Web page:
Probation for man in Net sex sting


A Bethesda man was ordered yesterday to complete a sex-offenders program while on probation and, unless supervised, stay away from young girls and the Internet, which he used to arrange a meeting for sex last year with someone he thought was a bored 13-year-old but turned out to be a Carroll County sheriff's deputy.

Todd K. Thompson, 27, had just moved out of his family home to an apartment in Baltimore when he was arrested Feb. 5, 2002, at a restaurant in Finksburg. He had sent his photo and a description of his car and clothing to the deputy, who was waiting with other officers to arrest him that afternoon.

"Your honor, I'm just very embarrassed and I'm very sorry," Thompson told Circuit Judge Luke K. Burns Jr. yesterday before being sentenced on his conviction for using computers for child pornography, a crime that carries a maximum sentence of 10 years in prison.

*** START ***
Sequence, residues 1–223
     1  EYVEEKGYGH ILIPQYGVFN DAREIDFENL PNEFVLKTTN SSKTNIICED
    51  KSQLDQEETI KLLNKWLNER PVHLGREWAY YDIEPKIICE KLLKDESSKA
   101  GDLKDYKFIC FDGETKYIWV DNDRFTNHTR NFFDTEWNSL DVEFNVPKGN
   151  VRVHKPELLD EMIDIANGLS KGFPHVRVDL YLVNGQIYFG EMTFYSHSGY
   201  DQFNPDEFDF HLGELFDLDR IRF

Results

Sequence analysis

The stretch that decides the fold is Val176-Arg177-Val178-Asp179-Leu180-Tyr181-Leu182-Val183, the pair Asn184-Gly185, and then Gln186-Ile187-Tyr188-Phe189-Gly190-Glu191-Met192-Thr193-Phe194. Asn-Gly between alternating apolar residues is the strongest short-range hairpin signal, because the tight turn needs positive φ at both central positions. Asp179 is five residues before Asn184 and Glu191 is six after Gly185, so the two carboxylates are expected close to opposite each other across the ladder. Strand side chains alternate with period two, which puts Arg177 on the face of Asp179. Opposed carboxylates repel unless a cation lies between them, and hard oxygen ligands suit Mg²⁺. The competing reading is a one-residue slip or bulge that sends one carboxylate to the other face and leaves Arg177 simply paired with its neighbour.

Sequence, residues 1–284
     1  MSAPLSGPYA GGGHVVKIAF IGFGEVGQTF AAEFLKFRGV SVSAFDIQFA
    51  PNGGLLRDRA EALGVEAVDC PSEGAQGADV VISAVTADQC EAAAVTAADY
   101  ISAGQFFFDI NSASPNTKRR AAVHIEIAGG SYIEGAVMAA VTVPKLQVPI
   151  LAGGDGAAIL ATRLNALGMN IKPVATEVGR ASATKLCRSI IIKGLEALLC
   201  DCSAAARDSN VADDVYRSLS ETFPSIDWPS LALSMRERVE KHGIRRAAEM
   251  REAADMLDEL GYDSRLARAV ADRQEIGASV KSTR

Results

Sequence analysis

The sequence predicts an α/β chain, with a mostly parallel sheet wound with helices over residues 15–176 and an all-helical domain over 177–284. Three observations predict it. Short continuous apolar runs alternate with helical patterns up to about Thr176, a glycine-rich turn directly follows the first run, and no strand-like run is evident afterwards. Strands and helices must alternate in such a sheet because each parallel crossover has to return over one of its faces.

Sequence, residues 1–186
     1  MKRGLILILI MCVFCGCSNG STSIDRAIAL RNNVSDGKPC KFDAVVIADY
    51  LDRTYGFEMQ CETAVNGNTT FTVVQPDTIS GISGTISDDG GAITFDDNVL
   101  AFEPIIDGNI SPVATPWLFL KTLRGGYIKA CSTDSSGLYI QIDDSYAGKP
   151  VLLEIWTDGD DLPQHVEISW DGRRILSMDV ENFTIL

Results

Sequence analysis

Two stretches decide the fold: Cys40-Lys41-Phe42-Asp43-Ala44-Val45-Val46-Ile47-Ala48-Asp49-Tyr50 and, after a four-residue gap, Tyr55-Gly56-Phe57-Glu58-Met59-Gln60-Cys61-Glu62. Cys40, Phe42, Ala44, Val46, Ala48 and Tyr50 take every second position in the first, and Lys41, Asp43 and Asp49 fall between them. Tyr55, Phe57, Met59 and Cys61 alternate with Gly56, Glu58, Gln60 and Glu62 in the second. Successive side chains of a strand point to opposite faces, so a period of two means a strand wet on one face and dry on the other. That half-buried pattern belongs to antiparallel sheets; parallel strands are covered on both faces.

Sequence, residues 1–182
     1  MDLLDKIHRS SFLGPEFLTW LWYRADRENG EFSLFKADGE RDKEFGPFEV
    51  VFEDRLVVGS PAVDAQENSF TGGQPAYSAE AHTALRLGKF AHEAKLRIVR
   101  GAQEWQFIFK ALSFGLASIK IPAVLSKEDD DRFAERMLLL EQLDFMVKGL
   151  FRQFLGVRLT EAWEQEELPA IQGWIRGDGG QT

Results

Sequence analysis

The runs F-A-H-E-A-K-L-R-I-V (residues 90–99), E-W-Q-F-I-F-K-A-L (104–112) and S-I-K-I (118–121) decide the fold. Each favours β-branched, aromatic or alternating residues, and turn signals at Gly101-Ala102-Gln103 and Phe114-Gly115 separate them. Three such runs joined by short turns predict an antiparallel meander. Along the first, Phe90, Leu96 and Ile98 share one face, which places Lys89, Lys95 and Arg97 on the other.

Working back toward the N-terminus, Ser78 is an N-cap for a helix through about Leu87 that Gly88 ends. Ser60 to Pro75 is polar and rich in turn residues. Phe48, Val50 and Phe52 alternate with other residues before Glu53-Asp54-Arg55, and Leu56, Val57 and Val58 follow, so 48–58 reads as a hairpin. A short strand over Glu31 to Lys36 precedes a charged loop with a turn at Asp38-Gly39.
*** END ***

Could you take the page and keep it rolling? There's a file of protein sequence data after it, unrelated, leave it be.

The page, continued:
A charge of attempted second-degree sex offense was dropped when Thompson pleaded guilty to the computer charge Sept. 3. The judge granted Thompson probation before judgment, meaning that if he meets the conditions of two years of supervised probation in Montgomery County he will not have a criminal record.

After Thompson pleaded guilty, Burns delayed sentencing to allow him time for counseling and a sex-offenders' therapy program. Yesterday, he also ordered that Thompson have no unsupervised contact with juveniles younger than age 14 and only supervised Internet use.

Thompson was one of seven men arrested after traveling into Carroll County last year for allegedly arranging sexual trysts with 13- or 14-year-old girls via Internet chat rooms.

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